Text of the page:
I've made these biscuits too many times to count (ok, something like seven times), and they never fail.  NEVER.  The best part is that, while you can get all fancy with biscuits with buttermilk, sour cream, and heavy cream if you want, this recipe calls for ingredients I usually keep stocked in my fridge.

Like butter.

from Food.com
makes 12 biscuits
2 cups all-purpose flour
4 teaspoons baking powder
2 tablespoons granulated sugar
1 teaspoon salt
1/3 cup butter, cold
3/4 cup milk, cold

Preheat oven to 425 degrees F Mix first 4 ingredients together in a bowl.

Cut in butter with a pastry blender or a fork, or two knives, until crumbly.

Add milk.

Stir until it forms a ball.

Add a bit more milk if necessary to make a soft dough.

Roll or pat to 1 inch thick.  Cut into circles with a biscuit cutter or a floured glass (I usually do this but this last time I treated them as drop-biscuits and formed mounds on the baking sheet just to mix it up).

Arrange on a greased baking sheet and bake at 425 degrees F for about 15 minutes, depending on your oven.

The original recipe suggests variations that include cheese and herbs.  I added about a tablespoon of finely chopped scallions I had on hand and had great results.  Plus, the green flecks add to an otherwise colorless dish.

Vegetarian Gravy
3 tablespoons butter
1/2 an onion, finely chopped
3 tablespoons all purpose flour
3/4 cup milk, to start (I used whole)
1 tablespoon nutritional yeast (optional, but I've found it gives it a more robust flavor)
1 vegetable bouillon cube
Water, optional
Herbs of your choice, optional
Salt and pepper, to taste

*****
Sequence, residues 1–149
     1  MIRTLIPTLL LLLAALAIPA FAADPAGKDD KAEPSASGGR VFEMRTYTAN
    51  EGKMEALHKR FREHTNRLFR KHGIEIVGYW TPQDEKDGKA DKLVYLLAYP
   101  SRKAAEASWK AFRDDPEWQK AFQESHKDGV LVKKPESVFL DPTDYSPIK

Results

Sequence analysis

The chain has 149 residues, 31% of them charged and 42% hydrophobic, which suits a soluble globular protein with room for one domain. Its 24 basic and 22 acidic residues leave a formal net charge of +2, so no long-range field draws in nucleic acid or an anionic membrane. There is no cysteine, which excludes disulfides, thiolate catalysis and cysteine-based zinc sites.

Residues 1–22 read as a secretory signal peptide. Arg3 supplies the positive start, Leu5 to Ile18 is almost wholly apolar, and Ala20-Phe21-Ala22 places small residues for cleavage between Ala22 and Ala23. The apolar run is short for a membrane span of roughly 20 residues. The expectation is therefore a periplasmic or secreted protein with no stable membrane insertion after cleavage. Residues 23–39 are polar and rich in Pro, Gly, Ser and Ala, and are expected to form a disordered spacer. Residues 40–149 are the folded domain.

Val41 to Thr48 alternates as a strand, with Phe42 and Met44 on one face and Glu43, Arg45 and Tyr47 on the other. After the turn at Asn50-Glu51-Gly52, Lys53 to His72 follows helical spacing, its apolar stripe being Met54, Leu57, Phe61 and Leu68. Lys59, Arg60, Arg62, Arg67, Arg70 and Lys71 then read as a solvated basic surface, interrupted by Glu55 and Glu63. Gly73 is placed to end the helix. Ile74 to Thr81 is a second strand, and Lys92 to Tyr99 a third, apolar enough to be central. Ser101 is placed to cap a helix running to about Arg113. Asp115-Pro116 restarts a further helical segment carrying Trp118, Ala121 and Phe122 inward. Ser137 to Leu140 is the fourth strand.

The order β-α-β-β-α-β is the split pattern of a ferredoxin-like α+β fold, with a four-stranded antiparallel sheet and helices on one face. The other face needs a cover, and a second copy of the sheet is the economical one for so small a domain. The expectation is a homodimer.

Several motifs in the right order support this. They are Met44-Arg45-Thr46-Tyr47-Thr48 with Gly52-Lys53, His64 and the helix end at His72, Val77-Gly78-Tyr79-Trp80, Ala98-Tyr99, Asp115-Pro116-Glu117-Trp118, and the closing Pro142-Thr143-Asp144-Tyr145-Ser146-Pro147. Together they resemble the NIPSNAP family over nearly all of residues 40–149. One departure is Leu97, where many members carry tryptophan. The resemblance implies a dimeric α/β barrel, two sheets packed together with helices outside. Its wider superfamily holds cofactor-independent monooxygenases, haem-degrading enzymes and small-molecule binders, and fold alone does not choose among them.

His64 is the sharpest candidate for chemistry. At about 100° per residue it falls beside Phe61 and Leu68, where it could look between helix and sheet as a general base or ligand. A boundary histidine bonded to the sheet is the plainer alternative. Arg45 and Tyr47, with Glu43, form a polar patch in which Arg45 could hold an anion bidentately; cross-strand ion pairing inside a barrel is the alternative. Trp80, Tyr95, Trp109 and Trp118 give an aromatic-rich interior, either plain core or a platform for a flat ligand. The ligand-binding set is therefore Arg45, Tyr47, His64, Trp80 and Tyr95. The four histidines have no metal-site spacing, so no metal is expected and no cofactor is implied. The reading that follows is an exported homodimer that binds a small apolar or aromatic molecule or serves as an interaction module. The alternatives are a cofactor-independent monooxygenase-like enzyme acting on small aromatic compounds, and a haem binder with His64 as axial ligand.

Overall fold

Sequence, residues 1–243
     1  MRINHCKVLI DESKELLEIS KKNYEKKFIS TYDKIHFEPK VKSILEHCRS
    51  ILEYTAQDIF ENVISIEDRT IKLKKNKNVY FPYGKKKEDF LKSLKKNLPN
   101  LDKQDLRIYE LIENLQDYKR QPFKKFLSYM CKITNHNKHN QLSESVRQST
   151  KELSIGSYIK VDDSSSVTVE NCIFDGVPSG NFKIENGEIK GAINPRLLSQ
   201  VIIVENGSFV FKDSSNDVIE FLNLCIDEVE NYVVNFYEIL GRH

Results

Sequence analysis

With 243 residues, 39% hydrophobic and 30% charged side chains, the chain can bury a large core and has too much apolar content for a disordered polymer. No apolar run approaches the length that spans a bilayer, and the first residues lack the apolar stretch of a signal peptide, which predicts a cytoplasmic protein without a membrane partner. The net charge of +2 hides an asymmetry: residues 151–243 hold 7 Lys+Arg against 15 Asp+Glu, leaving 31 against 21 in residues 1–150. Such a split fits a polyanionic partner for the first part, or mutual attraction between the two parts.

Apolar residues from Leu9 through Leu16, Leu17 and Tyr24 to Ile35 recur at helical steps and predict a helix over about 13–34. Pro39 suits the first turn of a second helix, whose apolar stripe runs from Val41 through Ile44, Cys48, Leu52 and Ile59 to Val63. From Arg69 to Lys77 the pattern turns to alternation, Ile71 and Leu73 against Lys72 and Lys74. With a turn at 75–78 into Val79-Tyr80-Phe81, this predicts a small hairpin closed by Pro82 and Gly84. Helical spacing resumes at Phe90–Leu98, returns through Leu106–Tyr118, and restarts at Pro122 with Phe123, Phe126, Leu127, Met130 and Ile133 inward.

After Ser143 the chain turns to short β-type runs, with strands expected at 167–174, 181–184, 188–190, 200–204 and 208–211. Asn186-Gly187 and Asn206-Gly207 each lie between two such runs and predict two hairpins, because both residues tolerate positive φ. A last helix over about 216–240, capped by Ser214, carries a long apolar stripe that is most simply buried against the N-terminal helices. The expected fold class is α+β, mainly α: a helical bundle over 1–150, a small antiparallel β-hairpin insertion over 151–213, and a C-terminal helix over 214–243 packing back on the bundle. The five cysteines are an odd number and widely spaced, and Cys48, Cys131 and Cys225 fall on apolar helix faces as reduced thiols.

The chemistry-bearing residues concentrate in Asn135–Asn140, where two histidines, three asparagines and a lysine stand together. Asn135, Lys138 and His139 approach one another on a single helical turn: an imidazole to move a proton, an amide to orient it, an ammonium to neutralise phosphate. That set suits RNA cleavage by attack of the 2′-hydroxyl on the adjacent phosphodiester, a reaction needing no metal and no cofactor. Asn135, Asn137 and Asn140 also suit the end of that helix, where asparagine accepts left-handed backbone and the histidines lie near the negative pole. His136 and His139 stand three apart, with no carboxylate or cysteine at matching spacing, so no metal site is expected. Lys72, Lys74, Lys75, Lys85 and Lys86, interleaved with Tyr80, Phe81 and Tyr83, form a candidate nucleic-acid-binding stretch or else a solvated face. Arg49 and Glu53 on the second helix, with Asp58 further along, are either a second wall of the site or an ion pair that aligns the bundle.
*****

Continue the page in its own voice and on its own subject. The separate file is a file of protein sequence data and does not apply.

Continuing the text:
Melt butter in a saucepan.

Add onions and cook on medium heat until soft, about five minutes.

Stir in flour so that it evenly coats the onions.

Add the milk and stir until smooth.

Once milk is heated, add bouillon cube and nutritional yeast, if using, and stir until completely incorporated.

Reduce heat to low and cook until thickened, stirring frequently and scraping the edges (a rubber spatula does this beautifully).

If mixture is too thick, stir in more milk or some water depending on how creamy you prefer the gravy to be.

Add herbs, if using.  I wasn't looking to go very herby here (though you could!), so I did 1/2 teaspoon of thyme and 1/2 teaspoon of rosemary.

Salt and pepper to taste, though I found the bouillon has the salt department covered pretty well.

Serve hot, spooned over biscuits and eat it all.  That's part of the directions.

Thursday, October 7, 2010

Muffins for Giants

After going to a couple of games, I started mildly caring about baseball this year. Then The Giants started to actually win and started caring a little more.